This is a sponsored post by veterinarian Elizabeth Arguelles, owner of Just Cats Clinic at Lake Anne Plaza. She writes weekly on Reston Now.
External ear canal or outer ear infections are more common in dogs than cats, but your feline friends can also get them. These infections, which are also called otitis externa, are usually caused by bacteria and yeast that accumulates in the ear. They can also result from an infestation of ear mites. Ear mites tend to encourage the development of secondary infections due to bacteria or yeast in the ear canal. Those infections tend to linger even after the mites have gone.
Symptoms of ear infections
The first thing to look at is what your cat is doing with its head. Because ear canals are extremely sensitive, ear infections can cause your cat pain and discomfort. As a result, many cats suffering from ear infections will shake their heads or scratch their ears in an attempt to remove debris or fluid from the ear canal. Some cats might also tilt their heads to one side.
If you notice your cat exhibiting any of these behaviors, make sure to take a look at your cat’s ears. An infected ear may become red and inflamed, and emit a strong odor. You may also observe black or yellow discharge. Sometimes the ear may appear dirty, or there may even be no obvious signs.
Infections caused by ear mites generally show similar symptoms, so it is important to note that ear mite infestation is more common in outdoor cats or kittens. If your indoor adult cat develops an ear infection shortly after a new kitten has joined the household, ear mites may be the cause.
Diagnosing ear infections
Always take your cat to the vet when you notice any potential signs of an ear infection before cleaning your cat’s ears on your own. Not only will your vet need to see the debris or discharge in your cat’s ear to determine what’s wrong, but you may accidentally cause more harm than good.
First, the vet will examine your cat’s ear with an otoscope, which is an instrument that magnifies and illuminates the inside of the ear. It lets your vet see into the ear canal and rule out other potential causes like tumors and foreign bodies. It also determines whether the eardrum is still intact. When there is excessive debris, discharge or inflammation in the ear canal, or the ear is very painful to touch, your vet might perform a sedated exam and take a sample of the material from the ear canal. It is then examined under a microscope or by ear cytology.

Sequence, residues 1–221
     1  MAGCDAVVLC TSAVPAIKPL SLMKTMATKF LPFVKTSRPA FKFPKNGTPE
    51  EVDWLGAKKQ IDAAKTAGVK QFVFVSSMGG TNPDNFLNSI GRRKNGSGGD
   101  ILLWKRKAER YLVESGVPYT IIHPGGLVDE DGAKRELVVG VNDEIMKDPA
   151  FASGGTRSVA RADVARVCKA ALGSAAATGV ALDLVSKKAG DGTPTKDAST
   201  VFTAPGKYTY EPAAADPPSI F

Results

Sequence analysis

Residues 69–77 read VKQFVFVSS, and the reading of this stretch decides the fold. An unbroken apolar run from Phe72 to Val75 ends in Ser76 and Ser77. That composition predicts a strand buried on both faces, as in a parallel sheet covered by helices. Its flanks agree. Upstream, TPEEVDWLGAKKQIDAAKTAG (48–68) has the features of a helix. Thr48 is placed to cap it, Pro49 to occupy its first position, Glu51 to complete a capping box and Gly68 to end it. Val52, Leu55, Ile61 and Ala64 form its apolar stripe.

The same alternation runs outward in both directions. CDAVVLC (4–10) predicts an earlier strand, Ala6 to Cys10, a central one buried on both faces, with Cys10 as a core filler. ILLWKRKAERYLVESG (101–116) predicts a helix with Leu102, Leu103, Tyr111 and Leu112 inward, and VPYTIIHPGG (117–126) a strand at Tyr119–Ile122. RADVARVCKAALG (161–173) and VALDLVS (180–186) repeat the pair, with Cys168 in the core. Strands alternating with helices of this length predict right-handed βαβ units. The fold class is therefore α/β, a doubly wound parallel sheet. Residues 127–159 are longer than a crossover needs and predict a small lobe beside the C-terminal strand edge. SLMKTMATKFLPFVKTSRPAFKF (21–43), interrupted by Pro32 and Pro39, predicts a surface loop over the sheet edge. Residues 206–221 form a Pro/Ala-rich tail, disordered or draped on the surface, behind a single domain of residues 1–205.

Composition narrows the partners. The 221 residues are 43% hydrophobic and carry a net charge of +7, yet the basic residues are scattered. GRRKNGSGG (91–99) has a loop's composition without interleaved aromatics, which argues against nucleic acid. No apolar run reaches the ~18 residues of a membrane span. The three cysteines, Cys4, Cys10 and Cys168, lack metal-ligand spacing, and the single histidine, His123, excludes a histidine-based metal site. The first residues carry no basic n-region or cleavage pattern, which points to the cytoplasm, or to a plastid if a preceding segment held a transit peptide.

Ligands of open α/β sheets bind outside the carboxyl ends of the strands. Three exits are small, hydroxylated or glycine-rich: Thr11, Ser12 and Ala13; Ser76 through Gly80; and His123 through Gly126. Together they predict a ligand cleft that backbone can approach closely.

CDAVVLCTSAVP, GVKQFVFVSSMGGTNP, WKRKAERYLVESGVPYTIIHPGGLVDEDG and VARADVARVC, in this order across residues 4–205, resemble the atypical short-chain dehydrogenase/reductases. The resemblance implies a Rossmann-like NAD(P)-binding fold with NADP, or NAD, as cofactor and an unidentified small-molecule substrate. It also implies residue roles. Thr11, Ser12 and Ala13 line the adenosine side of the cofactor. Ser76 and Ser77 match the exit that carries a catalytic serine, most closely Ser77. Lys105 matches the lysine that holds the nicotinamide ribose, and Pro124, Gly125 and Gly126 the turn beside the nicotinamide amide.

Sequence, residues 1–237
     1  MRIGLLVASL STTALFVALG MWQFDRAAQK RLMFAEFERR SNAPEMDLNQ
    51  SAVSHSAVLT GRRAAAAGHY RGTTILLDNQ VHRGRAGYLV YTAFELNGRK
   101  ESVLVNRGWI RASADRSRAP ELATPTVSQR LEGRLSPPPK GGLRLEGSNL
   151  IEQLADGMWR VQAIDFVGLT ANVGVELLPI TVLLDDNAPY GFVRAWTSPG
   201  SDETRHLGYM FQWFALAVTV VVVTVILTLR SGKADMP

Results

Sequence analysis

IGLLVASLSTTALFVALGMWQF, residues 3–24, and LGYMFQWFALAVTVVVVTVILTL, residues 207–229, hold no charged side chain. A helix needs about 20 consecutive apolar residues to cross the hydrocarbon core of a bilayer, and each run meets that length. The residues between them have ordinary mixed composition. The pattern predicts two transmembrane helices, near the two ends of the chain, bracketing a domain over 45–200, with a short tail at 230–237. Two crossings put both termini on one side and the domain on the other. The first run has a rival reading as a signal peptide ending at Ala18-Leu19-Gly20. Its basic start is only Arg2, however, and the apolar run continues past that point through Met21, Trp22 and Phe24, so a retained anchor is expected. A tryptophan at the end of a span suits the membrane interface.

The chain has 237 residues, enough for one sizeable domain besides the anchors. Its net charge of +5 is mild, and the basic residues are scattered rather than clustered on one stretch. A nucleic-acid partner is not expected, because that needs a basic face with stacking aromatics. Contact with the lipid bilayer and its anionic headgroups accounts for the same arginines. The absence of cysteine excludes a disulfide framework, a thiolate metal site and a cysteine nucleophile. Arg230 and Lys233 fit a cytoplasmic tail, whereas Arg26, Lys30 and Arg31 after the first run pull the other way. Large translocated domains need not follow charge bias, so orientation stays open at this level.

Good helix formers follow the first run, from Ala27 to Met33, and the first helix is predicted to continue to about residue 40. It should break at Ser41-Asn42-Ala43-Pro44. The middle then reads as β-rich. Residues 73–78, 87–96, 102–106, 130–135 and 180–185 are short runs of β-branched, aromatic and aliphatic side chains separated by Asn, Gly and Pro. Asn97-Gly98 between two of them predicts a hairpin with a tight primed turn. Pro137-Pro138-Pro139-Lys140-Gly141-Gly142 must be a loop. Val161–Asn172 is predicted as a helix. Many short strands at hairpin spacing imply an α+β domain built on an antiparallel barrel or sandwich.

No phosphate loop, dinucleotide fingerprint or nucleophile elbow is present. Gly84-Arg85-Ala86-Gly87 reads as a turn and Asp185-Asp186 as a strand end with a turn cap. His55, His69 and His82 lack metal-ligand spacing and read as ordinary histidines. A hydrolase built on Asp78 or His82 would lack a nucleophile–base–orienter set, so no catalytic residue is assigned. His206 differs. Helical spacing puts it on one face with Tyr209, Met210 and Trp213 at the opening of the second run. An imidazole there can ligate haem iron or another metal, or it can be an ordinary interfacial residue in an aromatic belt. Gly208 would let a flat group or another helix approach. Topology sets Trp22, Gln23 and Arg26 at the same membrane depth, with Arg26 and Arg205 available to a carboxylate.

Treating ear infections
Nearly all ear infections can be treated and cured if properly diagnosed. The specific treatment, however, depends entirely on the infection’s cause. For example, if it is the result of a foreign body in the ear canal, your vet can remove it from your cat under sedation.
If the infection is due to yeast or bacteria, your vet may prescribe medication or drops depending on the results of the exam or diagnostic work up. Once your vet identifies the right medication or treatment plan, he or she can show you how to administer the medication properly to your cat.
In some cases, the infection may be so severe that it has closed the ear canal. Medication may be given to reduce the swelling and open the canal. In the severest of cases, surgery may be required. But those instances are fortunately rare.
For more information please visit our Feline Health Library.
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